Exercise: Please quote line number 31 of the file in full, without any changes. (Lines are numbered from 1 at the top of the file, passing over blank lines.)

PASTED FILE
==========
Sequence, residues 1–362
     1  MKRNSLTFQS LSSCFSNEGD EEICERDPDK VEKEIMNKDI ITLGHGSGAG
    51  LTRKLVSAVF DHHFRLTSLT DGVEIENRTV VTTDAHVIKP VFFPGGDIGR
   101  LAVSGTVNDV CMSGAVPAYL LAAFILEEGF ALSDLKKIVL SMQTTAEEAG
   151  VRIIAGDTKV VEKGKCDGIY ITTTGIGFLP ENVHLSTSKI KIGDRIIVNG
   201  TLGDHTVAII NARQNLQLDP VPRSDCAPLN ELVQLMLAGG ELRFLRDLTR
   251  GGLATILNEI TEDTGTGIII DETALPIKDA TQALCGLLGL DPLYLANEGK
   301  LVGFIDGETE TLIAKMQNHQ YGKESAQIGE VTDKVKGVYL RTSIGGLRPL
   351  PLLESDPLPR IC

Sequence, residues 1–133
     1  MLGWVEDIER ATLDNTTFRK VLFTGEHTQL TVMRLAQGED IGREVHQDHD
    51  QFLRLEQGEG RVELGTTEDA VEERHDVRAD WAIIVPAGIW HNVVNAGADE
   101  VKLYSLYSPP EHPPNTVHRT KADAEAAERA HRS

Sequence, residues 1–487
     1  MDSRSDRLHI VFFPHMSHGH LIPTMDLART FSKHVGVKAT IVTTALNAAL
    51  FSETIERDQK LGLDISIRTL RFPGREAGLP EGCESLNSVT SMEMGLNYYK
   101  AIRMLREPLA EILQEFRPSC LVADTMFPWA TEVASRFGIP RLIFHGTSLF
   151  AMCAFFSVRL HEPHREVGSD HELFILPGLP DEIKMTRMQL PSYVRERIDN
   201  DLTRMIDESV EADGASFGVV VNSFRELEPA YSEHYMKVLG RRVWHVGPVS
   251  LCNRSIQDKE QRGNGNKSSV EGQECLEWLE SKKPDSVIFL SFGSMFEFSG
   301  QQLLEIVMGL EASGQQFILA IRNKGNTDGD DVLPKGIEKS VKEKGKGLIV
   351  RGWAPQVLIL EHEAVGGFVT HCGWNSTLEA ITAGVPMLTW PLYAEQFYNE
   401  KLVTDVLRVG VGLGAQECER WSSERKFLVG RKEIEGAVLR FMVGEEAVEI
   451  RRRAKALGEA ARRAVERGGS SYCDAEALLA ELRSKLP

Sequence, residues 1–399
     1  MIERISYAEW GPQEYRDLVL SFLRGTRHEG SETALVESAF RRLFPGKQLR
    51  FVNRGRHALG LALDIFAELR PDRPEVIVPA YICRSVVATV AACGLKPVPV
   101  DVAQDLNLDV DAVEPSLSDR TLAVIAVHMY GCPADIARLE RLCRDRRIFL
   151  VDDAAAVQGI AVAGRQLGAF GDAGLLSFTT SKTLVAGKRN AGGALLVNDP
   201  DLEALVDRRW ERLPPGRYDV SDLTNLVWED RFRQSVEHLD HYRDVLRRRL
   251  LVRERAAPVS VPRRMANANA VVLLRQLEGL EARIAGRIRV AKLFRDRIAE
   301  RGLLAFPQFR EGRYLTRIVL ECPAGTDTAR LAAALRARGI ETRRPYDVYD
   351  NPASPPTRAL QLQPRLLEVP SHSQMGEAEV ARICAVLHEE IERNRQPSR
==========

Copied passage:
   251  LVRERAAPVS VPRRMANANA VVLLRQLEGL EARIAGRIRV AKLFRDRIAE